Granting defendant auditor’s motion to dismiss plaintiffs’ class action securities fraud claims, a federal district court held, among other things, that defendant could not be found liable under section 10(b) of the Securities Exchange Act of 1934 or Rule 10b-5 for statements that the auditor’s client – but not the auditor – made to the public. Plaintiffs argued that the defendant auditor certified as true a public company’s materially false quarterly financial statements and, thereby, shared liability with the company for the misstatements. Rejecting this argument, the Court emphasized that pursuant to the Exchange Act, there is no liability for merely aiding and abetting a false statement to the investing public because, under United States Supreme Court precedent, section 10(b) “prohibits only the making of a material misstatement (or omission).”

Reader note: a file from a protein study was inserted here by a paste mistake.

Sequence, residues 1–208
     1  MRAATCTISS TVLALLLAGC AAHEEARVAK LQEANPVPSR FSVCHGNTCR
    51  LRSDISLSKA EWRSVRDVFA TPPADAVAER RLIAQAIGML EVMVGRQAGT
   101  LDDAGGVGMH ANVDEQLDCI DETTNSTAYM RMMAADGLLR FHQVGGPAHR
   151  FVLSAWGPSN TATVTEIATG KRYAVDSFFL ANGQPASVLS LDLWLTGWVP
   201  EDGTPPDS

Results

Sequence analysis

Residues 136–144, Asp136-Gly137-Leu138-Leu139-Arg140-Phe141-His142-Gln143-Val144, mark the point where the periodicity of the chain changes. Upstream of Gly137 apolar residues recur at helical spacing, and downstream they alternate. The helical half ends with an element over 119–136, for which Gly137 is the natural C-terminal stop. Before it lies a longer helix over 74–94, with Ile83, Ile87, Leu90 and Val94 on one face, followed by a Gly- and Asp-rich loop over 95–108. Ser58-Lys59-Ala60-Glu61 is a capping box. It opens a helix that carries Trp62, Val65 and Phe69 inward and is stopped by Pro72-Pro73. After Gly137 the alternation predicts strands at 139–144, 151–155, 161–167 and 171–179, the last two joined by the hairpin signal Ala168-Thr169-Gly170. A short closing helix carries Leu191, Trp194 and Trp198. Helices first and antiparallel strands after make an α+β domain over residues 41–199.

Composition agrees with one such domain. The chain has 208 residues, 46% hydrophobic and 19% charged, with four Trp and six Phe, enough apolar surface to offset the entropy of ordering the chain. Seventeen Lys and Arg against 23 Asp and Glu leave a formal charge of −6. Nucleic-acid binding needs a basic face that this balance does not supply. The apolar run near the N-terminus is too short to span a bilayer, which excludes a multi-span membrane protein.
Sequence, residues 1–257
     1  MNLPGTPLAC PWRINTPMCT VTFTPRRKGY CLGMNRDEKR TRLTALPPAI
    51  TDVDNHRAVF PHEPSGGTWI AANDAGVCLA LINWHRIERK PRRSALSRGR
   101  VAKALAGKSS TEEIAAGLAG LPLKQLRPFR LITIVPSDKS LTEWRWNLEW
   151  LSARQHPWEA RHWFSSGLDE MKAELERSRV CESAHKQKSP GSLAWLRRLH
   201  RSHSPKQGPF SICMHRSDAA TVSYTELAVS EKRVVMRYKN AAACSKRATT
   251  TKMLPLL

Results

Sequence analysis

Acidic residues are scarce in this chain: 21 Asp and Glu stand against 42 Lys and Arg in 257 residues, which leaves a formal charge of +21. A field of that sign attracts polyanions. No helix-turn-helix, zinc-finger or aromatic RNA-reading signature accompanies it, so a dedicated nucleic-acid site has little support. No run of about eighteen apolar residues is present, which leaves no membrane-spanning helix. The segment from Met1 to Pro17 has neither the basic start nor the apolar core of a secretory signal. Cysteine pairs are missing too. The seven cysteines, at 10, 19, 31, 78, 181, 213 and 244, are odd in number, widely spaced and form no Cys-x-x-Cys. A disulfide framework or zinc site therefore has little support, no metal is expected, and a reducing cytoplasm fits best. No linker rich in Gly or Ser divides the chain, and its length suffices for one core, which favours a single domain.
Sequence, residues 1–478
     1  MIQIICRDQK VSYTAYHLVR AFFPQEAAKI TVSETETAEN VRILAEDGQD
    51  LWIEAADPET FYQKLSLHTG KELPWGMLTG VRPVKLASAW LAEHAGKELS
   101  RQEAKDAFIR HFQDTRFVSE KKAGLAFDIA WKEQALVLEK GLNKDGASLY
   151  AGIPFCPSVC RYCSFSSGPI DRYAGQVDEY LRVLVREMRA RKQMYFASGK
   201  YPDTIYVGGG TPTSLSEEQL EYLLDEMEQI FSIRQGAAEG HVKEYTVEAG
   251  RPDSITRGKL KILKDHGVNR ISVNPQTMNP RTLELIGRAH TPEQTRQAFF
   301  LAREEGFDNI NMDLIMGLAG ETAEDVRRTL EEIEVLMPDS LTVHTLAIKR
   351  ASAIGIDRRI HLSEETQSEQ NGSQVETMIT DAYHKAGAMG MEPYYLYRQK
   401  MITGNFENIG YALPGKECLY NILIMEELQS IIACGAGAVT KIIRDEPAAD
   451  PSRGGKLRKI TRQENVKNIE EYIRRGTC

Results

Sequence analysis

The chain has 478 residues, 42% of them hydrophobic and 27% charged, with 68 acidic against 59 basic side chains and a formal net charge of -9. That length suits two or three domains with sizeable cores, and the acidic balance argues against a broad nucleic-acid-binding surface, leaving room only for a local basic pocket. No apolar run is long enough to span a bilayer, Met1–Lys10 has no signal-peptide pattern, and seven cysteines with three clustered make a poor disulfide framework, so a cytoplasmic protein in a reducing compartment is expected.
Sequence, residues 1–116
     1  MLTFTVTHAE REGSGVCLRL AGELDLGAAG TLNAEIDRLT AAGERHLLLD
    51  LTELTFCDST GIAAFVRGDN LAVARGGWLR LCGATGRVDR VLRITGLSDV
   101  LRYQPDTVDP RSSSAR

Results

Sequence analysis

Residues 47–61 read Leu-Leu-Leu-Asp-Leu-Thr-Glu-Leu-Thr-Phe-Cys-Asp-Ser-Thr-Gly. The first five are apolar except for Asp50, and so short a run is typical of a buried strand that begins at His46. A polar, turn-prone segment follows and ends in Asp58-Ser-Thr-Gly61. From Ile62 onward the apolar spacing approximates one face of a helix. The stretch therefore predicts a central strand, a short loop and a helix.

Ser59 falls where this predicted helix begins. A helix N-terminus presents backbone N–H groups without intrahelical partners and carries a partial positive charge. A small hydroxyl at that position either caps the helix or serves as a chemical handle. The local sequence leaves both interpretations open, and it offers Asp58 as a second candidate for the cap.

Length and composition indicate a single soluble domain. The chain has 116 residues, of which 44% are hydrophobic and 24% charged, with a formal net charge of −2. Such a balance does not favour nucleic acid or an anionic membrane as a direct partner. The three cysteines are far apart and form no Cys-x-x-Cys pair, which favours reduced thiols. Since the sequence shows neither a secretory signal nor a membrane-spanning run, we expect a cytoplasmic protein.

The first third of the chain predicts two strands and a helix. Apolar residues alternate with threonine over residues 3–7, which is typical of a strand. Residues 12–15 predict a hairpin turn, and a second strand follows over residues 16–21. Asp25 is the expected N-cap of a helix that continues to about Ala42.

Although plaintiffs alleged that the auditor “signed off” on the purportedly misleading quarterly financial statements with knowledge that investors would rely on them once its client released them, plaintiffs did not allege that the auditors themselves made, or caused to be made, any misrepresentation in connection with the quarterly statements. After characterizing this component of the plaintiffs’ claim as “a textbook case of aiding and abetting,” the Court ruled that the allegations were insufficient. (In re aaiPharma, Inc. Securities Litigation, 2007 WL 3342286 (E.D.N.C. Nov. 6, 2007))